Developer Says Exchange South End Could Be Amazon HQ2 Contender
A Boston development company filed plans this week for a South End complex it says could be a piece in the city's Amazon HQ2 puzzle.
The Abbey Group's Sept. 19 Boston Planning & Development Agency project notification form filing provided the most details to date on its proposed Exchange South End project. The 1.6M SF technology and life science campus on Albany Street could cost over $1B to develop, according to the filing.
The project would include 841K SF of lab space, 641K SF of office and 43K SF of ground-level retail across the four-building campus. The buildings, ranging in height from 92 feet to 282 feet, would surround a 30K SF central park. Although Exchange South End by itself falls short of the space needs for Amazon HQ2, its development team says it could be an important part of the puzzle in getting to 8M SF in the urban core.
“This Harrison and Albany corridor — starting with the Ink Block, now us, Andrew Square and Newmarket — it’s very much the vision of the city,” The Abbey Group Managing Partner Bill Keravuori said. “It’s a new tech corridor.”
The company says Exchange’s walkability to the Broadway and Andrew Red Line stations would be a motivating factor for corporations, including Amazon, to move there. Others have also taken note of the burgeoning neighborhood.
“The Dorchester Avenue corridor could be transformative, as it could knit together and create a contiguous experience with two of the region’s most exciting neighborhoods — millennial-heavy South Boston and the South End, one of the region’s best and most dense collections of restaurants and art studios,” Perry Brokerage Director of Intelligence Brendan Carroll said.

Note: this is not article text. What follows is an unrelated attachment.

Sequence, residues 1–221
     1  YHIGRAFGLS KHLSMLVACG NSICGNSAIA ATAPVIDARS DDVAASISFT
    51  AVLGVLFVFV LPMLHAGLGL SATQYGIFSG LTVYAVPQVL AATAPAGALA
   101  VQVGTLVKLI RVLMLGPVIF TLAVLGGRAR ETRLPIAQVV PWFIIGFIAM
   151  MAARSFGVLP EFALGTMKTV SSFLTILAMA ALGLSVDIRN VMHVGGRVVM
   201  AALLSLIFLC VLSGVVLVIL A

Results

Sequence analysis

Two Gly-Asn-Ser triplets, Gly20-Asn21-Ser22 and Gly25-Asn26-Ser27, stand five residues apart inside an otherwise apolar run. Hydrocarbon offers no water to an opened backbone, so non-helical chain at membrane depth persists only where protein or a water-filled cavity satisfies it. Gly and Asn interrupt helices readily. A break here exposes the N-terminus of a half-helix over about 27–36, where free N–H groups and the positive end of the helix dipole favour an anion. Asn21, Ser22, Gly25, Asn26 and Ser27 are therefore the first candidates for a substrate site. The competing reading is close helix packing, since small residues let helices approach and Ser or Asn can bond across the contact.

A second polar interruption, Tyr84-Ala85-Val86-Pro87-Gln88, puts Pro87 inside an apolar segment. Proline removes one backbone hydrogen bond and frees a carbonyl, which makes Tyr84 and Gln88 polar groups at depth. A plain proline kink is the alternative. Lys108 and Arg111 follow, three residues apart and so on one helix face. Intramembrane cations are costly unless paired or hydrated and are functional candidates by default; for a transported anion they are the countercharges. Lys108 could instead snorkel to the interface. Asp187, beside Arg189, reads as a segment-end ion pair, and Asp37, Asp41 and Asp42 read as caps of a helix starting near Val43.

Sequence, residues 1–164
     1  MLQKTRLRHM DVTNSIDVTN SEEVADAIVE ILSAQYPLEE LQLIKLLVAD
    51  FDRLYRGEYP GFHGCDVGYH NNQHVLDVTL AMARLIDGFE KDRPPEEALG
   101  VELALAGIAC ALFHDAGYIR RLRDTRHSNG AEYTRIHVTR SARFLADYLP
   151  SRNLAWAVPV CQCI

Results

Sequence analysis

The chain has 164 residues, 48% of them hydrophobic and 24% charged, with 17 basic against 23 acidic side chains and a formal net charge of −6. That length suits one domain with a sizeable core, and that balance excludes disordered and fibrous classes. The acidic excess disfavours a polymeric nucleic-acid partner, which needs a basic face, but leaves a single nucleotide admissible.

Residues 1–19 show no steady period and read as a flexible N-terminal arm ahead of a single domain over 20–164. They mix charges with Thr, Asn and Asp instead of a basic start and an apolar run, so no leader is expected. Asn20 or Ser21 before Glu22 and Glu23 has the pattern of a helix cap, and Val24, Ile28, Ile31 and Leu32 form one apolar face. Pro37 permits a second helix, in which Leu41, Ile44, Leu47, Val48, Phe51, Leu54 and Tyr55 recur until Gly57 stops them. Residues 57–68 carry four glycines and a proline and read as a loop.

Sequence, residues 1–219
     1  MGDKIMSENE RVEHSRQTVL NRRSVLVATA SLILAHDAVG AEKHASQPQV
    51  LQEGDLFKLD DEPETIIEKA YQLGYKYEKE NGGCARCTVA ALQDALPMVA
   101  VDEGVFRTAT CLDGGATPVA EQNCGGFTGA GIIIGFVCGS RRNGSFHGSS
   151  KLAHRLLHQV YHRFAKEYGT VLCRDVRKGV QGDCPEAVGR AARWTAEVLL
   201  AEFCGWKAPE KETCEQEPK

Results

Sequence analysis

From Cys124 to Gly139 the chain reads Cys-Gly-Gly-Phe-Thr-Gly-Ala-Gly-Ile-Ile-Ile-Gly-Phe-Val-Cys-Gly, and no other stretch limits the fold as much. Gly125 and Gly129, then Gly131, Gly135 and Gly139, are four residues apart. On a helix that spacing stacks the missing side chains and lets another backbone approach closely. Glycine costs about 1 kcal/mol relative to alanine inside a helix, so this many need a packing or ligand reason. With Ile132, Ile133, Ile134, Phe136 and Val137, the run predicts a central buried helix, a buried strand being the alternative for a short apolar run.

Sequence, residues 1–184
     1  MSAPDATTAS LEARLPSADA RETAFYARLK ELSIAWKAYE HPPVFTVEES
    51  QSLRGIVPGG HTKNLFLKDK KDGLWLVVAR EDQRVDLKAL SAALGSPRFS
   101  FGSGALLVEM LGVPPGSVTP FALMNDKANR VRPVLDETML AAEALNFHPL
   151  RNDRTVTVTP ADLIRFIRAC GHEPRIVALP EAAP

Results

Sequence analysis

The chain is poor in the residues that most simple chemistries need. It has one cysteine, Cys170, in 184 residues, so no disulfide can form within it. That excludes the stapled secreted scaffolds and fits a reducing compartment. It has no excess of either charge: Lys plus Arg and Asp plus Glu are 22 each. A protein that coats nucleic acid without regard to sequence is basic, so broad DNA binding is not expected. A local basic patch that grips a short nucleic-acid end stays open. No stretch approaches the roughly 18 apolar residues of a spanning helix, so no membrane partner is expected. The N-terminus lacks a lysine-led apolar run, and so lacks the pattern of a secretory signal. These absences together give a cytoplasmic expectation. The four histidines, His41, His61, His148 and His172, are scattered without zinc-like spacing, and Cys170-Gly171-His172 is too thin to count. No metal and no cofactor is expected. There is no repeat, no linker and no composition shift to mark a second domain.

Perry Brokerage’s Q2 2017 Blue report calls the nearby Dorchester Avenue corridor “Amazon dot Ave” and cites greater density opportunities and transit access to South Station, MIT and Harvard as to why it should be a contender for HQ2. The BPDA launched its South Boston Dorchester Avenue Planning Initiative in 2015 to consider rezoning the area to allow buildings as tall as 300 feet, significantly taller than the low-density warehouses and auto repair shops that populate the area today.
Whether it is on top of the Red Line along Dorchester Avenue or at South Station, Boston’s HQ2 bid will likely need to entail transit-oriented development. Developers at Bisnow’s Boston State of Office event Tuesday stressed the need for better transportation, as traffic could begin to impact the office market if left unchecked.
“The Seaport’s growth happened overnight, and now it has its transit problems. Even Route 128 has congestion,” Rubenstein Partners Regional Director of New England Deke Schultze said. “It all adds uncertainty.”
But others see the bid for Amazon as a better version of the city’s 2024 Summer Olympics bid in that it would provide a deadline to fix its transit issues.
“To lure Amazon here, we have to use it as leverage for finally bringing better transportation to Boston,” Riemer & Braunstein Senior Partner Robert Buckley said.